Roy, played by Nicolas Cage, is an average Caucasian, late middle-aged man, with the exception of one aspect of him, obsessive-compulsive disorder. He has few social connections and even fewer meaningful ones. He has not had a romantic relationship in almost 15 years. The only person he maintains contact with in the beginning of the film is his business partner, Frank. Being an obsessive-compulsive agoraphobe with tics gets in the way of his work and he seeks help with a psychoanalyst. He then finds his long lost 14-year-old daughter, Angela, and challenges his disorder while developing a close relationship with her.
According to the fifth edition of the Diagnostic and Statistical Manual of Mental Disorders (DSM-V), Obsessive-Compulsive Disorder is defined as recurrent obsessions or compulsions that are severe enough to be time consuming or cause anxiety or impairment (APA, 2013). After watching Matchstick Men, it is clear that Roy has obsessive-compulsive disorder. He agrees with all the diagnostic criteria including the obsessions and compulsions. Obsessions are continual thoughts, impulses, or images that are experienced as intrusive and inappropriate that produce anxiety. Compulsions are repetitive behaviors or mental acts that prevent or reduce the distress. If the individual attempts to resist a compulsion, they may have a...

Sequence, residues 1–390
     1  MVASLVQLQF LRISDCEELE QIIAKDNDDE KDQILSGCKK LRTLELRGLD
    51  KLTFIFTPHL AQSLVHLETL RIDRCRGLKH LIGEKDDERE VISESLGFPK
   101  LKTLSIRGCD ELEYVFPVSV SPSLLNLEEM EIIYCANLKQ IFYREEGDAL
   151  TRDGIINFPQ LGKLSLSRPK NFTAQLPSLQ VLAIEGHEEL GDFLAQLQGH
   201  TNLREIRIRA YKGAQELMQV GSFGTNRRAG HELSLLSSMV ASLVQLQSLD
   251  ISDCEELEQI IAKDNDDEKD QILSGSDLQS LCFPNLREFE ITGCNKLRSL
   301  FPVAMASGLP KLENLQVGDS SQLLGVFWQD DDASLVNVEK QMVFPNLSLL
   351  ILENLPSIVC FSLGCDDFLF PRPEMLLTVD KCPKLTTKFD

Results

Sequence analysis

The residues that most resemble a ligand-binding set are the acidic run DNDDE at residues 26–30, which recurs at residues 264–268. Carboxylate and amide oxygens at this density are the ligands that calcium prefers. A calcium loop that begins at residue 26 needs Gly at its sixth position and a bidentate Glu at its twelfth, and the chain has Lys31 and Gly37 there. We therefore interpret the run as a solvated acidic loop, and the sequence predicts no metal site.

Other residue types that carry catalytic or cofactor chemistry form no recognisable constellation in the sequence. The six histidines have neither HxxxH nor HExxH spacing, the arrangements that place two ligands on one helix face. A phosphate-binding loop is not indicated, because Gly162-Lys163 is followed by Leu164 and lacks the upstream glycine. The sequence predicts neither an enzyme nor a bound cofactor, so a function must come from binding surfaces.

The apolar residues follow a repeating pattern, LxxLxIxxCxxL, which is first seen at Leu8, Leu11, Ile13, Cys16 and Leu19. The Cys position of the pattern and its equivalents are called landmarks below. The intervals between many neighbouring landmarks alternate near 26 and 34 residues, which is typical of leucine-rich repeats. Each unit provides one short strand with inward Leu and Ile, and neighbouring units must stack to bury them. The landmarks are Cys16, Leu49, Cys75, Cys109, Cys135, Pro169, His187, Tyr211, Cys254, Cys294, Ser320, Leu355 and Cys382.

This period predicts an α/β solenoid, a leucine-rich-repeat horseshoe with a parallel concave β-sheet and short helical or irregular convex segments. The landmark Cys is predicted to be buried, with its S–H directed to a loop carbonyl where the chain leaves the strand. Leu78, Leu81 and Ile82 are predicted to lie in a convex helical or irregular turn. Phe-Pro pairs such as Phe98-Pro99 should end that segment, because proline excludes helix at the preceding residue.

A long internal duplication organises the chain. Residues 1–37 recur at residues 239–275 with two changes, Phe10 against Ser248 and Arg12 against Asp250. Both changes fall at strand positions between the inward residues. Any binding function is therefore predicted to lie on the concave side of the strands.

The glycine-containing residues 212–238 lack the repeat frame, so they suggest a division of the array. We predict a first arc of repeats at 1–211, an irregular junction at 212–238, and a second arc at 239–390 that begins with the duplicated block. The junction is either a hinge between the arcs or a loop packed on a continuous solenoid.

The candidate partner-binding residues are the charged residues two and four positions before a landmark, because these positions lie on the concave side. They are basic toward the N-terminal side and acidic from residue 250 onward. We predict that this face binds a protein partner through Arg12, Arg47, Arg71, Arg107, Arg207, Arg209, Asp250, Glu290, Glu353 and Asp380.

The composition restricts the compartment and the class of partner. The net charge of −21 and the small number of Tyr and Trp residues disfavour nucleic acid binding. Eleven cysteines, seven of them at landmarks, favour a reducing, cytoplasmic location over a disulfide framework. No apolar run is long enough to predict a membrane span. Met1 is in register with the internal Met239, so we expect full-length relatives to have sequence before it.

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..., he loosens up and dances, and he eats various kinds of foods. In reality, this would not happen in this manner.
Ultimately, Matchstick Men depicts Roy’s condition of obsessive-compulsive disorder very accurately. The only exception to this conclusion is the treatment process. In the movie he seems fully cured, which is impossible in real life according to qualified articles. Regarding the obsessions and compulsions, Roy fits the characteristics of obsessive-compulsive disorder. Nicolas Cage does an excellent job of expressing that. Roy experiences contamination obsessions along with ordering, aggressive thoughts, and doubts. He is socially abnormal and is removed from friendships and prefers to not talk to strangers. He also recognizes his problems with the disorder. With Roy following all the criteria from the DSM-V, Matchstick Men sufficiently shows the disorder.
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